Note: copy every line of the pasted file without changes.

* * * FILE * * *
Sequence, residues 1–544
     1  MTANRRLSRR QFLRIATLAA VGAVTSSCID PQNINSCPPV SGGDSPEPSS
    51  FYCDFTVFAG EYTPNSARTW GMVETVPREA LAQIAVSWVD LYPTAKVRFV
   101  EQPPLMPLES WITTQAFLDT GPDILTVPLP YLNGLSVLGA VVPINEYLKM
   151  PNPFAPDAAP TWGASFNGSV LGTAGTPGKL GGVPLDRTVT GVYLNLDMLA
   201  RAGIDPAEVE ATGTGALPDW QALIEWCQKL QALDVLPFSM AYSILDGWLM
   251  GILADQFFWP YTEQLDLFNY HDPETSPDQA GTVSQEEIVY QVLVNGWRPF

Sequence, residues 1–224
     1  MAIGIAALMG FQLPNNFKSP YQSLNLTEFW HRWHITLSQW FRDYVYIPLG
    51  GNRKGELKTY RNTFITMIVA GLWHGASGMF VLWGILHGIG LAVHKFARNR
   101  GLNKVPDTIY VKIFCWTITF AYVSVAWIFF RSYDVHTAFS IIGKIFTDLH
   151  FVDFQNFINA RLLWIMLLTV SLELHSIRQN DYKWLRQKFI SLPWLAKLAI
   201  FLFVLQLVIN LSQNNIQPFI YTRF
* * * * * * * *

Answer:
Sequence, residues 1–544
     1  MTANRRLSRR QFLRIATLAA VGAVTSSCID PQNINSCPPV SGGDSPEPSS
    51  FYCDFTVFAG EYTPNSARTW GMVETVPREA LAQIAVSWVD LYPTAKVRFV
   101  EQPPLMPLES WITTQAFLDT GPDILTVPLP YLNGLSVLGA VVPINEYLKM
   151  PNPFAPDAAP TWGASFNGSV LGTAGTPGKL GGVPLDRTVT GVYLNLDMLA
   201  RAGIDPAEVE ATGTGALPDW QALIEWCQKL QALDVLPFSM AYSILDGWLM
   251  GILADQFFWP YTEQLDLFNY HDPETSPDQA GTVSQEEIVY QVLVNGWRPF

Sequence, residues 1–224
     1  MAIGIAALMG FQLPNNFKSP YQSLNLTEFW HRWHITLSQW FRDYVYIPLG
    51  GNRKGELKTY RNTFITMIVA GLWHGASGMF VLWGILHGIG LAVHKFARNR
   101  GLNKVPDTIY VKIFCWTITF AYVSVAWIFF RSYDVHTAFS IIGKIFTDLH
   151  FVDFQNFINA RLLWIMLLTV SLELHSIRQN DYKWLRQKFI SLPWLAKLAI
   201  FLFVLQLVIN LSQNNIQPFI YTRF